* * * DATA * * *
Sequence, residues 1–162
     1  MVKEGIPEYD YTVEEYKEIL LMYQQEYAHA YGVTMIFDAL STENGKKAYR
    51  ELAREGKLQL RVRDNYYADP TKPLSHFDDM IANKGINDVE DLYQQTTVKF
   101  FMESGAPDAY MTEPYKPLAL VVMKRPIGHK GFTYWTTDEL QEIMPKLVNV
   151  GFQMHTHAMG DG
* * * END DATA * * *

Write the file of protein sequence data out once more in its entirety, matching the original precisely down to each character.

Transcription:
Sequence, residues 1–162
     1  MVKEGIPEYD YTVEEYKEIL LMYQQEYAHA YGVTMIFDAL STENGKKAYR
    51  ELAREGKLQL RVRDNYYADP TKPLSHFDDM IANKGINDVE DLYQQTTVKF
   101  FMESGAPDAY MTEPYKPLAL VVMKRPIGHK GFTYWTTDEL QEIMPKLVNV
   151  GFQMHTHAMG DG